Myanmar Junta Executes Four Political Prisoners

The protesters hold Aung San Suu Kyi posters during opposition rally in Yangon in May, 2021.
The protesters hold Aung San Suu Kyi posters during opposition rally in Yangon in May, 2021. (AFP)

Several Western countries and and human rights organizations condemned their death sentences.

Myanmar’s military junta has executed four pro-democracy activists, carrying out its first death sentences in more than three decades and defying international appeals for restraint. The deaths of the activists, including two of the most prominent leaders of the resistance, sent shock waves through the country Monday and was seen as the junta’s latest attempt to instill terror since violently seizing power last year.

It’s unbelievable, said Moe Zaw Oo, deputy foreign minister for the National Unity Government — a shadow administration that has been operating in exile since the coup. These were political prisoners. They killed them without any of the right procedures, without any due process, he added.

Kyaw Min Yu, 51, also known as Ko Jimmy, rose to prominence in student uprisings in 1988 and had spent years in and out of prison for his activism. Phyo Zeya Thaw, 41, was a hip-hop artist turned member of parliament who was widely admired among Myanmar’s youths. They were convicted on terrorism charges and sentenced to death in closed-door trials last fall.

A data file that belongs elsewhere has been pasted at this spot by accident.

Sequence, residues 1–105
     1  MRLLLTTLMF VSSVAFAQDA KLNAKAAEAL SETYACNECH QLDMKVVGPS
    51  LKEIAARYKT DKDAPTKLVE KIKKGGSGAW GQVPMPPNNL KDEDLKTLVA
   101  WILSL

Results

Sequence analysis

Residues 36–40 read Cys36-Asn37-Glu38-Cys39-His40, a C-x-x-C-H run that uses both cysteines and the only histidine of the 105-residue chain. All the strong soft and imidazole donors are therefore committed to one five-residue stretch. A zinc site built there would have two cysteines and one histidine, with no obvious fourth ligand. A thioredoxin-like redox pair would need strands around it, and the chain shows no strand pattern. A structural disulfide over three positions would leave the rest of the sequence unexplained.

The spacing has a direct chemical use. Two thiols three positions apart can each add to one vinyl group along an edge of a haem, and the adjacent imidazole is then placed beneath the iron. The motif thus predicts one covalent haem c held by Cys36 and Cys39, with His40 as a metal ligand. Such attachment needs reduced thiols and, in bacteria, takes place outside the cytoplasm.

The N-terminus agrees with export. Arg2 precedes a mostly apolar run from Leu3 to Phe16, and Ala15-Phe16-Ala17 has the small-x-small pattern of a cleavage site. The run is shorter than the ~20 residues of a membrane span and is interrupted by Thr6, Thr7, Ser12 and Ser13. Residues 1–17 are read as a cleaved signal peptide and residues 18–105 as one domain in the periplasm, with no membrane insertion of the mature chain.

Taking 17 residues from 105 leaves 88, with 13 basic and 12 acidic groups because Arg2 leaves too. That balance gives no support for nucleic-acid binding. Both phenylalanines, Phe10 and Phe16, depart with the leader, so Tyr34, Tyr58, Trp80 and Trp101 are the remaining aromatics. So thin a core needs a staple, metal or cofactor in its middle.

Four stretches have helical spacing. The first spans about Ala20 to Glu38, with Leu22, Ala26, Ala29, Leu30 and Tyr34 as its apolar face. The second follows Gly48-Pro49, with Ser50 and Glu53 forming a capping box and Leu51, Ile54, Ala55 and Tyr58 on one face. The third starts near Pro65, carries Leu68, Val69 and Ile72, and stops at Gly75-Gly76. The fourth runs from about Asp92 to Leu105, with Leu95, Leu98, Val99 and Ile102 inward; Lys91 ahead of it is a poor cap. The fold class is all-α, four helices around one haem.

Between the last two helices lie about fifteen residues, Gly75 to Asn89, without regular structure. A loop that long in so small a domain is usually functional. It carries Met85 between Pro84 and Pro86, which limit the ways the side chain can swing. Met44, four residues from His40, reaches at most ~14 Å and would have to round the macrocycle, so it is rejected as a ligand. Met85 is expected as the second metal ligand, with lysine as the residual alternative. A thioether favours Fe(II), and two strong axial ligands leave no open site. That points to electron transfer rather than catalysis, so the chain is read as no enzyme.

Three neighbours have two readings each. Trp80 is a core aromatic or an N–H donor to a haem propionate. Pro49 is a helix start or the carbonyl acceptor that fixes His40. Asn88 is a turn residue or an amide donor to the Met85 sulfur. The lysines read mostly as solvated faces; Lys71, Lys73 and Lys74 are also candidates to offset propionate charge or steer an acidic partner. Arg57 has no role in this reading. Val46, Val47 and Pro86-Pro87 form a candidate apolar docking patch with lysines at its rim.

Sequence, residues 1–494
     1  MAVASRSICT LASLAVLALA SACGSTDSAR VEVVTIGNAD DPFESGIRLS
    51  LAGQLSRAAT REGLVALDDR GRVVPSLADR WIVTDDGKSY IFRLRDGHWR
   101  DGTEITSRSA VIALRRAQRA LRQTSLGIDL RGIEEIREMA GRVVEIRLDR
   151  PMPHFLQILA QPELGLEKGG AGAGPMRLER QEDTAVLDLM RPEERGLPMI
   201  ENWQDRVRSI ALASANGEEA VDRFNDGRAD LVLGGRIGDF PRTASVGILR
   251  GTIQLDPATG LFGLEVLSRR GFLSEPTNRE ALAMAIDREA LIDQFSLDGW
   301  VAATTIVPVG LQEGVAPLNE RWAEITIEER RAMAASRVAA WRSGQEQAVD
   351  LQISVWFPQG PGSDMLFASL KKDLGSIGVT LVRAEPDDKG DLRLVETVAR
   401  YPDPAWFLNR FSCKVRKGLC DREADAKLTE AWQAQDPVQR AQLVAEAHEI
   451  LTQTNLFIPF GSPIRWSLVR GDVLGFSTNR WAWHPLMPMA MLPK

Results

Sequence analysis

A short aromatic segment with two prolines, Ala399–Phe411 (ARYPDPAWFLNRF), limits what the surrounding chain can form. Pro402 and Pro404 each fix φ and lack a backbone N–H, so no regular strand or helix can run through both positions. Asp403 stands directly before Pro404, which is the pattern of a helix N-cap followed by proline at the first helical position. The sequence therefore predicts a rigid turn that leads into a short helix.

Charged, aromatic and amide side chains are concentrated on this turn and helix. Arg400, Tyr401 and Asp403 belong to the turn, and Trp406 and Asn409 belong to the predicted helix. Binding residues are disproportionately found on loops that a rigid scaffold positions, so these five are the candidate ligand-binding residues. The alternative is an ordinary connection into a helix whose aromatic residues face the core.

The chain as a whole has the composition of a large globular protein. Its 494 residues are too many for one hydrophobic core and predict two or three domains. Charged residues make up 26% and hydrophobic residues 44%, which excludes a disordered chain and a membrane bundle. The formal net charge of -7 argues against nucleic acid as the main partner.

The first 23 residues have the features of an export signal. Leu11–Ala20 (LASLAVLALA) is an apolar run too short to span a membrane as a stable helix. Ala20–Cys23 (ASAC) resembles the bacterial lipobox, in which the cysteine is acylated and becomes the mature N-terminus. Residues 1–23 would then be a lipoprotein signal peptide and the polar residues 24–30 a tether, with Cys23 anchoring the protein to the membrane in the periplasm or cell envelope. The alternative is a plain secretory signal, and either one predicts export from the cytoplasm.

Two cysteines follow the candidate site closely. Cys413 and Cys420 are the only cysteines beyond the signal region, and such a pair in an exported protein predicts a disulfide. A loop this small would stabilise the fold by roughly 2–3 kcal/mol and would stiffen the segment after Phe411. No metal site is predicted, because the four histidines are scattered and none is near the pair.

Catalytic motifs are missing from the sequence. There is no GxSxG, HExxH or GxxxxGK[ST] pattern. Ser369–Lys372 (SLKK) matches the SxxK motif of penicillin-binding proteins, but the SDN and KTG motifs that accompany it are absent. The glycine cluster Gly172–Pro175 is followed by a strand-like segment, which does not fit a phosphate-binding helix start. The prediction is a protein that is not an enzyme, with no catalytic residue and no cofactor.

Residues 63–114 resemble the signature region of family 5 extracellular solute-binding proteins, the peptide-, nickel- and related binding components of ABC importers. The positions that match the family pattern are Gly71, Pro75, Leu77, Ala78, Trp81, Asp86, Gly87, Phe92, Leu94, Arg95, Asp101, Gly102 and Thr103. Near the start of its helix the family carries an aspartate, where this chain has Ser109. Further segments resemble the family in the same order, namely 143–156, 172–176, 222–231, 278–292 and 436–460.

Prisoners Probably Hanged On Sunday

On Friday, prison officials told relatives of the four men that they would be able to speak to them over Zoom, marking the first such contact in months. Prison officials did not say at the time whether or when the men would be executed. Then on Monday morning, state-run news outlets announced that the death sentences of Ko Jimmy and Phyo Zeya Thaw “had been conducted.” Two other men, Hla Myo Aung and Aung Thura Zaw, also were executed after being convicted of killing a military informant, regime's propaganda said.

The four men were probably hanged, which is the procedure at Yangon’s notorious Insein prison, where they were held. Family members traveled to Insein on Monday asking to see their bodies but were denied by prison officials, advocates said.

The junta canceled a regularly scheduled news conference on Monday, saying instead that it would address the media on Tuesday.


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